Jones and Williams had highly promising seasons derailed by academic issues that cost them the second semester. They finished second and third on the team in scoring and third and fourth in rebounding, respectively.
Jones would have finished second in the Sun Belt in steals and third in assists, as well. Expect him to be a preseason all-SBC selection.
Williams shot 54 percent from inside the three-point arc but insisted on taking more than half his shots from outside. If he improves either his long jumper or his shot selection, he could give UNT three 15-PPG scorers.
Returning nearly all of last season's major contributors, new Mean Green coach Tony Benford may not have to wait long to lead a team into the NCAA tournament.
Many teams that rely on three freshman guards suffer growing pains. Rutgers was no different in 2011-12. A team that beat NCAA tournament participants Florida, UConn, Cincinnati and Notre Dame somehow managed to lose to DePaul and Providence, plus twice to Villanova.
As Myles Mack, Eli Carter and Jerome Seagears return for their sophomore seasons, however, Piscataway has a slight buzz about basketball for the first time in a long while.
Carter was a top-20 scorer in the Big East, and he blasted Florida for 31 points, seven rebounds and seven assists in the December 29 double-overtime upset. That was one of his five 20-point nights on the season.
Seagears led the team in assists but impressively finished fifth on the team in turnovers. He gave up the ball only 2.4 times per 40 minutes and had only five games with more than three fumbles. While his 39 percent shooting needs work, that's about the only way Seagears has habitually given up the ball so far.
Mack settled into a sixth man role despite being the team's second-leading scorer. He led the team at 1.4 steals per game and was the only Scarlet Knight with more thefts than fouls.
The three guards will get able support from classmate Derrick Randall, a 6'8" 235-pounder who started 10 games last season. He shot 56 percent from the floor and recorded an offensive rebounding percentage of 11.3, which would have ranked 16th in the Big East.
The Scarlet Knights are still a young club, capable of making the school's first NCAA tournament trip since 1991 by the time this group reaches its senior season.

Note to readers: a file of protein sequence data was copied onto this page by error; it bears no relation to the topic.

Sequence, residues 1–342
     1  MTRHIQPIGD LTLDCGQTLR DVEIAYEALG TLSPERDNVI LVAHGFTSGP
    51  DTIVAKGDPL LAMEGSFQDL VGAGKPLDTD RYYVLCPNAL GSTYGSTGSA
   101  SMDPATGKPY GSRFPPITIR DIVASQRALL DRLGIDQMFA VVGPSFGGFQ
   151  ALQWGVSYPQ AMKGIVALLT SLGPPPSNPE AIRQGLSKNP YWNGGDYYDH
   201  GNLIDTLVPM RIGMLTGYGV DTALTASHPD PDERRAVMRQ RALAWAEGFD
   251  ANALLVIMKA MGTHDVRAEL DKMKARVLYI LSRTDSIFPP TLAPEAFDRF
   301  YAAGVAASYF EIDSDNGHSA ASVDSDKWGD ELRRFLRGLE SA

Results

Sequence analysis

3. Oklahoma State
When fan favorite and leading scorer Keiton Page exhausted his eligibility, the Oklahoma State Cowboys became Le'Bryan Nash's team, for better or worse. He and classmates Brian Williams, Mike Cobbins and Cezar Guerrero will determine OSU's direction in 2012-13.
Nash was OSU's highest-rated recruit ever and at times showed why the hype was warranted. He carded 21 points and eight rebounds in a win over archrival Oklahoma, then followed up with 27 points in an upset win over Missouri.
There were also debacles like 2-for-15 in a loss to New Mexico, 2-for-12 in a 41-point drubbing by Baylor and 3-for-15 in the return match with OU. Nash shot 39 percent on the season, a figure which must improve, since he'll be getting the lion's share of shots left behind by Page's exit.
Nash's season was cut short by a fractured hand, so he should enter with a feeling of unfinished business.
Williams was a more efficient scorer than Nash, if not as spectacular. He did, however, average 17.2 points and five boards per game after Nash went down in late February.
As a redshirt freshman, Cobbins led the team in rebounds, blocks and field goal percentage. He only scored five points per game, but his best nights seemed to come against better competition. Cobbins recorded three games of double-digit points and four of double-digit rebounds, with one of each coming against NCAA tournament teams Missouri, Texas and Iowa State.